Here's an introduction to Chapter 2. I'll be posting parts of it to explore in detail.
Unveiling the Braes Monument 1980. Sandy Lindsay 2nd left in white jacket. Sorley Maclean back right in black beret.
The history of land struggles in Scotland runs deep and wide, often underground like a river. When walking in the Highlands you may be forgiven for thinking that land struggles, indeed all struggles, exist elsewhere. Every now and then you might stumble upon a monument, memorial, cairn, or the remains of a croft, that suggests otherwise.
The second chapter of my book sheds light on the sometimes hidden and forgotten memorials scattered around Sutherland and the North. The origins of these memorials are traced back to the period in the 1980s when communities in the north, embittered and emboldened by Thatcherism, began to build memorials to past land struggles. I recall the stories and songs surrounding these memorials, sometimes from personal recollection of their insurrection:
- Skye’s Battle of the Braes plinth, inscribed by local resident Sorley MacLean, the leading Gaelic poet of the century. It was built with voluntary donations, thanks to the persistence of Aviemore County Councillor Sandy Lindsay. The plinth recalls the Braes folk’s link to the wider Skye revolt, such as the Glendale action, then dubbed The Crofters’ War. (1980)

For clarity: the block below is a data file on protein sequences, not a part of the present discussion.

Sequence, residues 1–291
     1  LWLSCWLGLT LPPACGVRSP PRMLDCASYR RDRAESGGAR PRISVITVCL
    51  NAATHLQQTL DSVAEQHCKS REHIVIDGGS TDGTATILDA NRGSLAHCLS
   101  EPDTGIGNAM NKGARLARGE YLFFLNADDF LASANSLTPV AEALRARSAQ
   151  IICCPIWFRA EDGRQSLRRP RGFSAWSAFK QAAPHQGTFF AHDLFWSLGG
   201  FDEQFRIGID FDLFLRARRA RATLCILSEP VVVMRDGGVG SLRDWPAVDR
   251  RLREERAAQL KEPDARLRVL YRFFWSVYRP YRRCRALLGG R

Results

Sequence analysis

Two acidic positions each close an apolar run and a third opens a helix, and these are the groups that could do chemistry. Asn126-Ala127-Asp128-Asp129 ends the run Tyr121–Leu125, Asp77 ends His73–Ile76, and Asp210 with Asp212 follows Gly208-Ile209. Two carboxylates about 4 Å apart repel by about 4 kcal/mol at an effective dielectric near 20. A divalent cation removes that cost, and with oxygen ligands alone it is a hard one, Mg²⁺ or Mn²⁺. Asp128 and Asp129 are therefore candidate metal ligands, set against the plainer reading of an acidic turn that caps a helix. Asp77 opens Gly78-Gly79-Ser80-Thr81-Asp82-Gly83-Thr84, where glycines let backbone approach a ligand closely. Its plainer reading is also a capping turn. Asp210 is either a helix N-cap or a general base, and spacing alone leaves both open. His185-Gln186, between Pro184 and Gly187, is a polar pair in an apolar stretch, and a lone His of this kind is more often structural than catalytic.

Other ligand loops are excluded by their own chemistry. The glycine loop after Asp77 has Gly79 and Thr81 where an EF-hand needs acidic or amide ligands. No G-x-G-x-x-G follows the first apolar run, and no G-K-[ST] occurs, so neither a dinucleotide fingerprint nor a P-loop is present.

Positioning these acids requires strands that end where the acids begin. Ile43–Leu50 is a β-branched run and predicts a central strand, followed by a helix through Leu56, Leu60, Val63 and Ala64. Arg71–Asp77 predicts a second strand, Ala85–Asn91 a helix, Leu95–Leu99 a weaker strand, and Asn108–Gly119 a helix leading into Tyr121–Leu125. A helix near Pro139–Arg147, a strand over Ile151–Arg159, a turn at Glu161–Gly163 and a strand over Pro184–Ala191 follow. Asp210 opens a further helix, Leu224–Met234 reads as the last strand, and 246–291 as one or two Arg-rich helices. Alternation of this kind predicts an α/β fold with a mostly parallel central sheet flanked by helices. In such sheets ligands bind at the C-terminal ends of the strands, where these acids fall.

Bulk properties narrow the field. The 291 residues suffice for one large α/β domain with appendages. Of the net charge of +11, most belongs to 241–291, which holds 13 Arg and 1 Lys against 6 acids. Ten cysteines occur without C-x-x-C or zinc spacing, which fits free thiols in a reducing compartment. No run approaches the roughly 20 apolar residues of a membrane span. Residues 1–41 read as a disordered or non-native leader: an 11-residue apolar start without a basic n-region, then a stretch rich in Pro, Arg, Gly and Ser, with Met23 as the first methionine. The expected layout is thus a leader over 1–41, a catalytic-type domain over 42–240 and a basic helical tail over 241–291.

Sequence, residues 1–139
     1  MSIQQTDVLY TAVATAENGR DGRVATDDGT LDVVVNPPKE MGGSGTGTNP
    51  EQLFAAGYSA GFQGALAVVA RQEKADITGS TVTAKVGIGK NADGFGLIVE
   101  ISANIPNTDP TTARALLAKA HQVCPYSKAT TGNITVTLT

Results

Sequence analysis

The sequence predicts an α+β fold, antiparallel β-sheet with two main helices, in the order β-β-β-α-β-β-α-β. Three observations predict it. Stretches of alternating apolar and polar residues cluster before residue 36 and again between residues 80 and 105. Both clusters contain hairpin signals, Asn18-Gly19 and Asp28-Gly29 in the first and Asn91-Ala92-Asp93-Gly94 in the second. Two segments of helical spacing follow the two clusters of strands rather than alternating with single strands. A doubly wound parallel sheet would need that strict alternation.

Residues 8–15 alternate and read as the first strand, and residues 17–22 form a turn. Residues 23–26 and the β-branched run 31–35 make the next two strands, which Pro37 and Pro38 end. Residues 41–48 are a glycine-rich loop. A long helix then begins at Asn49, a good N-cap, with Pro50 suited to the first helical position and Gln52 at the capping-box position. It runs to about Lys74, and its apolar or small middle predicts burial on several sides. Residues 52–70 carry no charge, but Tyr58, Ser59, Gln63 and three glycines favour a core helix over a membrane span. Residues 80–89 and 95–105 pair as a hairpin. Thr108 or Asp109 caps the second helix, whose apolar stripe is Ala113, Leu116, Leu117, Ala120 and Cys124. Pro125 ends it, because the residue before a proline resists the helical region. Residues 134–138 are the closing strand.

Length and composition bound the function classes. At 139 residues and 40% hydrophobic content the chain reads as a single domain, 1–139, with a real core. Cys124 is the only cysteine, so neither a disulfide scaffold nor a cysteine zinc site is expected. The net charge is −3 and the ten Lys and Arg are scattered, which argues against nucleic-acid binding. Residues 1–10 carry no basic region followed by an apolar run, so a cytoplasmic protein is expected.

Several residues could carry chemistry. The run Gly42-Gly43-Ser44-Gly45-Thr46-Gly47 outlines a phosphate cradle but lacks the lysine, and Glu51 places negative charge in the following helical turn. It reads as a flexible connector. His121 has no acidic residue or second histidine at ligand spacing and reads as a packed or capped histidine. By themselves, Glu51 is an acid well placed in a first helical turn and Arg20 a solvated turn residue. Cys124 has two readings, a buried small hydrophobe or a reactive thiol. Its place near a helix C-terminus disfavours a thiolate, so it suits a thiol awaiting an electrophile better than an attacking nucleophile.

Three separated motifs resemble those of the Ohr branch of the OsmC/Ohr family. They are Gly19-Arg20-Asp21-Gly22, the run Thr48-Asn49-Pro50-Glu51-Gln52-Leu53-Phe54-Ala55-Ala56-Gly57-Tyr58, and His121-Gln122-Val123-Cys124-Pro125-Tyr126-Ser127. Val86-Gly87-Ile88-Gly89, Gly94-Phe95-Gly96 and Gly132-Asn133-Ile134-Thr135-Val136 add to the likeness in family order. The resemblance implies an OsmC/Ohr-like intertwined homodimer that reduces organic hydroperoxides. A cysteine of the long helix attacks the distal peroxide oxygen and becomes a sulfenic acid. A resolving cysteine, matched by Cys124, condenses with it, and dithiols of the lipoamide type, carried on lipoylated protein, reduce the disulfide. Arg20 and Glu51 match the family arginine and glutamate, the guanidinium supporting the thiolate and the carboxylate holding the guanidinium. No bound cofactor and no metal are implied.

- The Gartymore cairn, commemorating the foundation of the Highland Land League by locally-born Angus Sutherland. (1980)
- The little know Strathnaver Clearances memorials in the 1960s
- The writings of Iain Grimble and John Prebble in the ’60s and ’70s on the horrors of the Highland Clearances.
- The songs of Ewen Robertson, ‘bard of the Clearances’ and in the 1980s by Andy Mitchell, Dougie Maclean, Capercaillie and many others, and the effects of the Glenuig Music Festival.
I also explain how early research on who owns Scotland stirred an awakening around land reform in opposition to Thatcherism, forming the modern roots of today’s land reform movement.